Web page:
Try something new

Reading Time: 3 minutes

by Chris Lennon

If you’ve already read Ski Canada’s Buyer’s Guide last issue, you will have noticed that reverse camber skis (their tips and tails don’t touch when the ski bases are put together) are being sold to the mainstream. Gone are the days when a rockered ski was something only a few athletes were taking with them on photo shoots to Alaska. Now, virtually every manufacturer has a pair of these boards in their lineups, and many offer two or three. Chopsticks, Hellbent, Kuro—whatever model you gravitate toward—if you like to play in the powder, do yourself a favour and get on a pair of these this winter. They’re a blast in anything soft, and most current models are quite manageable in all but the worst boilerplate. When you do demo a pair of these babies, remember that with underfoot widths in the 130-mm range, they are meant to float and slarf more than carve.

1. Don’t worry about being overly precise. 2. Let your skis skid a little. 3. The beauty of these skis is that you can float and slarf (a sloppy or skidded carve) your way down the hill without being strong on your edges.

Now we’re rockin’

by Martin Olson

Manufacturers have explored a number of shape innovations to try to make bigmountain skis manoeuvrable and versatile in the conditions above treeline that vary from bottomless powder to windblown slab. Reverse camber skis such as the Volant Spatula were the beginning, but now several brands offer skis with varying amounts of “rocker” as well as a combination of camber and sidecut in some models. Rocker describes how much of the ski is bent upwards when it’s on a flat surface. In other words, how far back does the tip start? The more rocker, the greater the float—700 mm is a lot of rocker; 200 is just enough to make a difference. Just to complicate things, K2 also measures how high the tip bends up, so its rocker measurement is two numbers.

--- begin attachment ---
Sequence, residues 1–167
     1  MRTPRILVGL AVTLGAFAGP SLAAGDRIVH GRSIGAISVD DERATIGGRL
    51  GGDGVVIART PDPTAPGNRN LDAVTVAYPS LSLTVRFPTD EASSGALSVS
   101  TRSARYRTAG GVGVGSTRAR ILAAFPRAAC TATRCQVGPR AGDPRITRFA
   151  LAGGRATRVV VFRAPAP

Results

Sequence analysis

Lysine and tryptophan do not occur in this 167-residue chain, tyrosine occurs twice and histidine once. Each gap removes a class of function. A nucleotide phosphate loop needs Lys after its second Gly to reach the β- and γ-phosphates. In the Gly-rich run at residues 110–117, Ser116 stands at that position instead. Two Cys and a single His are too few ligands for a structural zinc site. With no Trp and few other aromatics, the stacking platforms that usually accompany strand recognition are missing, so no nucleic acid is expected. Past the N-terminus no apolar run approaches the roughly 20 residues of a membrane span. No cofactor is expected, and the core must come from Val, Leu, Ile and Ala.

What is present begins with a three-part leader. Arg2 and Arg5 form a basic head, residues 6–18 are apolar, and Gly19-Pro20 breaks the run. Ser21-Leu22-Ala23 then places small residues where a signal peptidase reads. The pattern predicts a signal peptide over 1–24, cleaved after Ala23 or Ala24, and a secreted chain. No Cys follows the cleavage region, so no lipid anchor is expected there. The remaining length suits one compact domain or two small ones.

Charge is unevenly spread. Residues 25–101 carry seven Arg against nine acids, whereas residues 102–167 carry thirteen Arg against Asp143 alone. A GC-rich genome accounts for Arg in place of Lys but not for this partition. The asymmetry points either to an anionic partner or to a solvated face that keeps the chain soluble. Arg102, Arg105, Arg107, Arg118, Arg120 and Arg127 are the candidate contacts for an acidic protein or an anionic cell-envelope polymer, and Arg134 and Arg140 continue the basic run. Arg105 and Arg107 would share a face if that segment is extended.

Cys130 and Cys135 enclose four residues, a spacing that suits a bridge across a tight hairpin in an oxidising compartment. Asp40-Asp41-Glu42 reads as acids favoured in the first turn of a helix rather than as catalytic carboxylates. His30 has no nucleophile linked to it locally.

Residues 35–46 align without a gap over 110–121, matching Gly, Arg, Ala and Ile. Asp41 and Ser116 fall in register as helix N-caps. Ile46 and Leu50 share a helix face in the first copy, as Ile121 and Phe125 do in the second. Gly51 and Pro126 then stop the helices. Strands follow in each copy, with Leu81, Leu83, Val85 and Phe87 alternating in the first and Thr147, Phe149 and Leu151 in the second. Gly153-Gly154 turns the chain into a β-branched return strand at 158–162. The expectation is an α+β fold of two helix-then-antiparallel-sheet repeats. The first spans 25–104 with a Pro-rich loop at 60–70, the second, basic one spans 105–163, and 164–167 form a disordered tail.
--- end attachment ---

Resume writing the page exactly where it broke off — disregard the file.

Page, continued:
To make a rockered ski a bit more versatile, various brands are experimenting with a small amount of camber underfoot and also a short midsection with sidecut for control on the groomed.

Until there’s a standard, forget the small picture. Big rocker for big snow. Some camber and sidecut for on-piste will make your life easier. Only the bravest of the brave would buy one of these without trying them.

Sticks and stones …

by Chris Lennon

One of the best places to get some fresh lines during the early part of the season is in the trees, away from the crowds and out of reach of the groomers. This sequence was shot last fall on Blackcomb, well before my parents in the east had put away their golf clubs for the year. Of course, the danger in pillaging these stashes while others are still working on their short game is that early-season snowpack is often thin. To get the most out of your first days on the hill, go exploring cautiously, perhaps on your roommate’s skis, and keep these pointers in mind: 1. Stay light on your feet so you can bounce over any fallen logs that get in your way. 2. Keep your tips up even if this means being balanced on your heels more than your toes. 3. Catching an unseen rock on the base of your skis isn’t the end of the world, but sinking your tips below a buried branch could spell and early end to your season. 4. Keep your skis pointed relatively downhill and avoid making big turns. 5. Keep your eyes open and look ahead to avoid obstacles. 6. Locate those deep pockets of snow to help control your speed and remind you why you’re thrilled that summer is a distant memory.

Ski Canada Staff
To top